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Imagine the scene. It’s June 2018 and the World Cup finals are getting under way. England, the hosts, have played their opening match – an unconvincing 1-1 draw with Norway which has led the press to question the tactics of their manager, Lord Beckham of Leytonstone – but optimism is still high. The nation settles down for the second game, being played between the two other teams in England’s group. Football, The Sun proclaims, has come home, but something isn’t right. Only ten million of the twenty-three million households in the UK can watch the match at home, because most of the matches that don’t involve England have been bought by Sky TV and ESPN.

If this scenario sounds like some sort of nightmare, it’s a good job that England didn’t win the bidding rights to the 2018 World Cup if an article in this week’s edition of Broadcast magazine is to be believed. Broadcast has claimed that the government promised FIFA that it would waive the “Crown Jewels” agreement (which lists the World Cup finals as one of the sporting events that can only be shown on what is now called “free-to-air” – which may also be known as “terrestrial” – television) as part of the bidding process for the finals. Moreover, this concession, which would have had a seriously detrimental effect for millions of people that may have been looking forward to watching the tournament on the television. Moreover, the article claims that the BBC and ITV were unaware of this state of affairs until after the England bid sank like a stone. Somewhat ironically, the article is behind Broadcast’s paywall, but we can get the gist of it from this, which was posted on the Digital Spy broadcasting forum:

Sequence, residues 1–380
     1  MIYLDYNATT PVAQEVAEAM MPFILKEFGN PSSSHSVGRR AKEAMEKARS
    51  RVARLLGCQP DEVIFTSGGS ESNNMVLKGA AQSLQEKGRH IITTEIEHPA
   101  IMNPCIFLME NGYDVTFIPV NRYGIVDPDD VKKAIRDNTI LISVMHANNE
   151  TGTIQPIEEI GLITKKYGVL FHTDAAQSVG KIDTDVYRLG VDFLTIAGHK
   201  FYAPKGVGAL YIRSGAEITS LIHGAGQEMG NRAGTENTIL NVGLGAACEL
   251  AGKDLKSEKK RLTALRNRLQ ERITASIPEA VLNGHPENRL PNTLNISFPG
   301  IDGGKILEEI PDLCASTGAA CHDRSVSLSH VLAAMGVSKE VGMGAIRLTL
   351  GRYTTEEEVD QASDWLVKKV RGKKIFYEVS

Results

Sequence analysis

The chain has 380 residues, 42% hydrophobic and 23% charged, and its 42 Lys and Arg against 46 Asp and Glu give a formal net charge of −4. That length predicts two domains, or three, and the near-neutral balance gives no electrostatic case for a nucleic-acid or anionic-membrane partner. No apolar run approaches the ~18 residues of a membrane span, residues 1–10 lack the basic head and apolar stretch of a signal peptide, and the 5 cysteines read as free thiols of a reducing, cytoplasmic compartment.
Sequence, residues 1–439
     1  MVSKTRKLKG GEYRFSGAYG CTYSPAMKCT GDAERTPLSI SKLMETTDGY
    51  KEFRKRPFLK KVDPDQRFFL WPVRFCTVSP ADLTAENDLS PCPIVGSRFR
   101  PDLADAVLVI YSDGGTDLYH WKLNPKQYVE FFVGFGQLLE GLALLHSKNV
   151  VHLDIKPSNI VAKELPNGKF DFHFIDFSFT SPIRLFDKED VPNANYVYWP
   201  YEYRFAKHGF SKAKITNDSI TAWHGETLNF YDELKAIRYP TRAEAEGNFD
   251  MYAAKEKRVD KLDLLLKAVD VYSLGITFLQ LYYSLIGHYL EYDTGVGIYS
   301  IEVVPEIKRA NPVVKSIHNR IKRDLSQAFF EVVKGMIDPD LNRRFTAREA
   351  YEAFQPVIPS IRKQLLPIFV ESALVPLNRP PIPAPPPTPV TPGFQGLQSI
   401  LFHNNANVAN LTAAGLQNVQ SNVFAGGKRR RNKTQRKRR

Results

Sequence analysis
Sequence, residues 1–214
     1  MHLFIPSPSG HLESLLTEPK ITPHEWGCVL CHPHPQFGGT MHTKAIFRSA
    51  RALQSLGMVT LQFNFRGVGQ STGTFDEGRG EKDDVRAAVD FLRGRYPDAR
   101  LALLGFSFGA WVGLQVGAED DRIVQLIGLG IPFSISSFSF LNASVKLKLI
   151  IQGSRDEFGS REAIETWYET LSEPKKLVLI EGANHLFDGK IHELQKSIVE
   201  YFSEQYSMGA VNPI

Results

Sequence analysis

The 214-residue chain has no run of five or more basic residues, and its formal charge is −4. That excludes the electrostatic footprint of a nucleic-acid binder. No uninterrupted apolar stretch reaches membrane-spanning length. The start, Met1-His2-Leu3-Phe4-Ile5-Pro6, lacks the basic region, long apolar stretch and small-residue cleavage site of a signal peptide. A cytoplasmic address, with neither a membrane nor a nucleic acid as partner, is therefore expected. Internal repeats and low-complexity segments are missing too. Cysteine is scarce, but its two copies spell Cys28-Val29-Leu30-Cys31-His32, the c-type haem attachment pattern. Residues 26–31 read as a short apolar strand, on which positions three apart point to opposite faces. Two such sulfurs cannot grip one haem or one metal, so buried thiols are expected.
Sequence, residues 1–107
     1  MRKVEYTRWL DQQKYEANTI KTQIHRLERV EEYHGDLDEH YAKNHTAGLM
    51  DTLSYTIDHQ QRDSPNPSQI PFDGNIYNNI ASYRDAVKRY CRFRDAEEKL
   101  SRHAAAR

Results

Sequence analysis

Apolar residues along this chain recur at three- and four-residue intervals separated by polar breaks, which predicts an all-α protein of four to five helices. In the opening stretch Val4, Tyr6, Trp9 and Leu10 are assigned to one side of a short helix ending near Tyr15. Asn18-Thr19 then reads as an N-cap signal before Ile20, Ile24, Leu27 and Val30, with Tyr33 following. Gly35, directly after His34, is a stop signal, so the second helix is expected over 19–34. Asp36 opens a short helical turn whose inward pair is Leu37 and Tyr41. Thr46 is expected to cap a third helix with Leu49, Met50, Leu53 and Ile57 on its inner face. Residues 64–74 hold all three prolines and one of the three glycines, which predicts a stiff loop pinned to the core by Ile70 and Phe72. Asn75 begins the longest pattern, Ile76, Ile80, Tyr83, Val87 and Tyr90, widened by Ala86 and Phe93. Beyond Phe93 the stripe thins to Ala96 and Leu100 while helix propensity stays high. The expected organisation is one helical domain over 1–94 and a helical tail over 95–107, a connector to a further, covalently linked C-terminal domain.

The BBC and ITV were set to join forces to battle a secret government decision that could have handed Sky the chance to air the 2018 World Cup. It has emerged that the government guaranteed to football body Fifa that it was prepared to waive listed events regulations for the 2018 tournament as part of England’s failed bid to host the event. Under current rules, the World Cup is on the Crown Jewels TV sports list, meaning that it can only be shown live on free-to-air television. However, at the request of Fifa, England’s 2018 World Cup bid document contained a promise to allow pay-TV companies, such as BSkyB and Disney-owned ESPN, the chance to bid for rights. Neither the BBC nor ITV – which traditionally share coverage of the World Cup – were aware of the guarantee at the time of England’s bid.

As it stands, around 9m of the 22m households in the UK have access to Sky – around 40% of the population. Apparently, under this proposal England’s matches would have been ring-fenced (which raises some interesting questions about what might have happened had Scotland, Wales or Northern Ireland qualified in itself), but all other matches would have been a free-for-all. It is true that Sky may have chosen to win the rights and put the matches on Sky News on Sky 3 (which are both available on Freeview, Virgin Media and BT Vision), but it seems unlikely that Sky would pay big money to buy these rights and not put them behind the televisual version of their paywall on Sky Sports.

It is worth, at this point, putting the case for the World Cup remaining a free-to-air event. Regardless of what we may think as a point of principle, we are probably now too far down the road to roll back the years and remove Sky TV from the equation of the television rights contracts when it comes to the Premier League. The clubs of that league set their spending on the basis of what they assume will be at best an ever-spiralling revenue stream from television rights and at worst a revenue stream that stabilises at somewhere around the massive amount that is currently being paid. Whatever the rights and wrongs of this, there can be little doubt that a significant drop in television revenue could have a ruinous effect on the Premier League.